Save the sablefish (also known as black cod) and help scientists by counting the fish in video clips.
Want more marine-themed citizen science projects? We’ve got you covered!
Scientists call it Anoplopoma fimbria, fishers might know it as the sablefish, while some chefs call it the Black Cod. Found hovering just above the muddy North Pacific seabed, you may have enjoyed one down at the Moby Dick restaurant or whatever your favorite seafood restaurant is called. The sablefish—a yummy opportunistic feeder known for its buttery taste has been harvested from US waters since the late 1800s.
In Alaska, heavy foreign fishing depleted the sablefish stocks through the seventies until the US took control of the waters in 1976 and phased out foreign fishing. After that, the fishing season began to shorten and the number of fishers actually increased. When this happens a fishery produces a lot of poor quality fish—the outcome is an unstable stock. In 1995, conservation managers implemented a program that sought to more strictly regulate the Alaska commercial fishery; it set limits for each fisher, but within a longer season. This decreased the harvest of immature fish, which meant those fish had a good chance to reproduce at least once.
Now a citizen science program called Project Digital Fishers needs your help, and it may keep the sablefish on the table at the Moby Dick. It is a project that enlists public support to run a second trial for researchers, and for computer scientists as well. For the latter, an undergraduate student at the University of Victoria has developed an algorithm that can “count” fish. He will use this campaign to ground truth his software. This video on YouTube shows this in action.
As researchers continue to monitor the resource, they hope to inform careful management of the stock. Jodie Walsh, the research coordinator for the Center for Global Studies at the University of Victoria in Canada, says, “A research group at the Marine Science Institute (Institut de Ciènces del Mar) in Barcelona, Spain, investigates biological rhythms in various species around the world. By better understanding species behavior they hope to help in marine resource management and provide advice to improve fishing practices. And Carolina Doya, a PhD student working with Dr. Jacopo Aguzzi, uses NEPTUNE Canada cameras to study biological rhythms of fish in Barkley Canyon.” Counting fish in the field of view of the camera, and using specialized statistical tools, will enable her to see if fish movements and/or behavior can be predicted in relation to known natural cycles.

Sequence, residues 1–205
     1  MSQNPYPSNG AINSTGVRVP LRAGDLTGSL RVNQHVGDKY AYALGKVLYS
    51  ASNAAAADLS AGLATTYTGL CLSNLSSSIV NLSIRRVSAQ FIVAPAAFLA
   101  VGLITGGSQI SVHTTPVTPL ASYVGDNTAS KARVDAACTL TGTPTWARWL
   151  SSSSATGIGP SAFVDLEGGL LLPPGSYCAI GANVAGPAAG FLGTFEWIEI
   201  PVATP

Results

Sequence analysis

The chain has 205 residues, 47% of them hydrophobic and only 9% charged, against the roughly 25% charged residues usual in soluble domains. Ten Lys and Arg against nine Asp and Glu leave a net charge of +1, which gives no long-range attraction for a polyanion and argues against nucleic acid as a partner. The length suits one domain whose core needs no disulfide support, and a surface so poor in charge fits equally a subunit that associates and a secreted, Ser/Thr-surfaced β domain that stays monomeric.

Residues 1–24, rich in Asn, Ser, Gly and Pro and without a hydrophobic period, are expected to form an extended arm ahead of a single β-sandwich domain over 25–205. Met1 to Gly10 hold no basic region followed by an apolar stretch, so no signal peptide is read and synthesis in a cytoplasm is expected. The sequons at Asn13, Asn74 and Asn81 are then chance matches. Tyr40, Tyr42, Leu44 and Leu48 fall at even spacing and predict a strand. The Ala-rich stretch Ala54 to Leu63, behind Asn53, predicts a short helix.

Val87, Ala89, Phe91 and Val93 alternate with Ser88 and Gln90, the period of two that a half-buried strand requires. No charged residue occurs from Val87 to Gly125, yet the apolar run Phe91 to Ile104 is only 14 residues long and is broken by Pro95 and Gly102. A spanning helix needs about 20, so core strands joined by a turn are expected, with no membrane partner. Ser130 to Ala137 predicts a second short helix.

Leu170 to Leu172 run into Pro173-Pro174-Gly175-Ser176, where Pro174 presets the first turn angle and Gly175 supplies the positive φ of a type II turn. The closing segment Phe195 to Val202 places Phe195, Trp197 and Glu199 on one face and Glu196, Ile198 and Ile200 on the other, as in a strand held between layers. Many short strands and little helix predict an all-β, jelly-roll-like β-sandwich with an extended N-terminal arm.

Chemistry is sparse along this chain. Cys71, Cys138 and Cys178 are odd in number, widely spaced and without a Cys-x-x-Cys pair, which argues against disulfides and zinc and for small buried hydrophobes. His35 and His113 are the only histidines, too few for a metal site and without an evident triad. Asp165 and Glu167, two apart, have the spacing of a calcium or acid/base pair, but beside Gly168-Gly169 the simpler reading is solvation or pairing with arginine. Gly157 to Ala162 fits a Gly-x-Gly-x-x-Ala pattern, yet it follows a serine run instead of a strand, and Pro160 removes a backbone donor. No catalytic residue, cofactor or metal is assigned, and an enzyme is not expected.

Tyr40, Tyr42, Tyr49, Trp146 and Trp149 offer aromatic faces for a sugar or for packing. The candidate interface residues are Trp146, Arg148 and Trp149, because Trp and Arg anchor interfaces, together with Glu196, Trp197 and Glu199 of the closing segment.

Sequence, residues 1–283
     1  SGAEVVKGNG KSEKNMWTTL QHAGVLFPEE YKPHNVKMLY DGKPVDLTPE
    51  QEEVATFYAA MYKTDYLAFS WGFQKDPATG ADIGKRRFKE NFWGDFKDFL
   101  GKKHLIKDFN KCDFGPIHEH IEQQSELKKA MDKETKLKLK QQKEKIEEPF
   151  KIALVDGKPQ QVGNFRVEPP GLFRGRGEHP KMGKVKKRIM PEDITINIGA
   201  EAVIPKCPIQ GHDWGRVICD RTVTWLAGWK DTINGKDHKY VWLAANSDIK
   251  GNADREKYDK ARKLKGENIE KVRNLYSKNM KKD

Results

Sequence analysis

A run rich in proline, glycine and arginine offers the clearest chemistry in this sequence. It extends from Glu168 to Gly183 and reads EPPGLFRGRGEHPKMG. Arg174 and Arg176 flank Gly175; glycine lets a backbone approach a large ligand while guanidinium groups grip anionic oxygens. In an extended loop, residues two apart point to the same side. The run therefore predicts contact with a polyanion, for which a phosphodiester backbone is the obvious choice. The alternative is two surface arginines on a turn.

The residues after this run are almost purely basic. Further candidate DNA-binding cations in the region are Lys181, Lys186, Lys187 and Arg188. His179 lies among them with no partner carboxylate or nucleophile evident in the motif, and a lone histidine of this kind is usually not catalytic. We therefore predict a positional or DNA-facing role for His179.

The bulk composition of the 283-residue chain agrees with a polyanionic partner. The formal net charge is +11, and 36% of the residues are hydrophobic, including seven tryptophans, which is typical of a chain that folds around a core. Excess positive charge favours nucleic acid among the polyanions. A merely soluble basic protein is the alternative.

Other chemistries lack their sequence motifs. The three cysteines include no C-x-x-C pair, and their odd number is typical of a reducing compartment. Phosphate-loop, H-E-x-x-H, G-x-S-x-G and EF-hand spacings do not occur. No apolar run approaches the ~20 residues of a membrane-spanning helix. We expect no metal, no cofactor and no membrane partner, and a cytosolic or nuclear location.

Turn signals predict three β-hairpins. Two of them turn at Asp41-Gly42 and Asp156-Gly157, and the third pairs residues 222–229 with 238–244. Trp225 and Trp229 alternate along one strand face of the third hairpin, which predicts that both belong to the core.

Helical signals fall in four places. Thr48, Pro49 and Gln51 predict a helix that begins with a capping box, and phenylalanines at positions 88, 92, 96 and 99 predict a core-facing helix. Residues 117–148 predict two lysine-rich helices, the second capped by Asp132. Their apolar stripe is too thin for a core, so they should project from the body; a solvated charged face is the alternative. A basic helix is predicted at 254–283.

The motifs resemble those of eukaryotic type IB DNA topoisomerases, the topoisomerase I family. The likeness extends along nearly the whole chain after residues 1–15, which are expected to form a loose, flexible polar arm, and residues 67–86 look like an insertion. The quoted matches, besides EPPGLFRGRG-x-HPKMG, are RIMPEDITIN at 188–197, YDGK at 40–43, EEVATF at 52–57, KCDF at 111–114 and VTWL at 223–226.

When an experiment returns a broad variety of results, researchers typically have to run the numbers again, which in this instance means they have to review the film footage of a submarine transect once more, while counting the number of Black Cod seen in a specified time. The result will be punched into a formula and extrapolated out for a region or field—which produces an accurate estimate of the number of fish in a population. So now you can contribute to real science—compare apples to apples (or in this case sablefish to sablefish) by counting the sablefish exactly as the research crew is doing in their labs. This will save an enormous amount of time and money, and it will contribute to both computer and environmental research.
You have to create an account, and the controls of the digital interface take a bit of getting used to. After a few awkward attempts, I got the hang of it, had learned to identify the species and was counting for the A team. The website says you only have to count for 15 seconds, but each video clip runs for almost a minute. After those first few attempts I settled down and actually began to anticipate seeing a sablefish—I counted as many as six in a 60 second clip, and sometimes none appeared. To beat the first level you have to complete 10 ‘annotations’ or views, but to advance to the third level you have to complete 24!
Digital Fishers is currently counting sablefish, but Walsh says, “We have also looked at crabs, Mapping Seafloor, Trawling, thornyhead rockfish and deep-sea ecosystems, or sometimes we just show some of the video that has been collected and ‘digital fishers’ annotate many other species in our general campaigns.” Digital fishers hail from Canada, US, Spain, France, Germany, South Africa, Oman, Switzerland, Colombia, Czech Republic, Australia, Iceland, Italy, so anyone can compete. (The sablefish is found in UK waters as well—there it is called the blue cod, bluefish, candlefish or coal cod, and in Canada it’s known as the coalfish, beshow or skil.) The sablefish project will likely run through July.
Top Image: NOAA Photo Library
Bottom Image: Digital Fishers/University of Victoria
Ian Vorster has a MS in Environmental Communications and most recently served as director of communications at the Woods Hole Research Center in Massachusetts. Prior to that he worked in the health communications field. Ian has served as a designer, writer, photographer, editor and project leader in the field of science, and now works freelance in a blend of these roles. You can see more of Ian’s work at dragonflyec.com.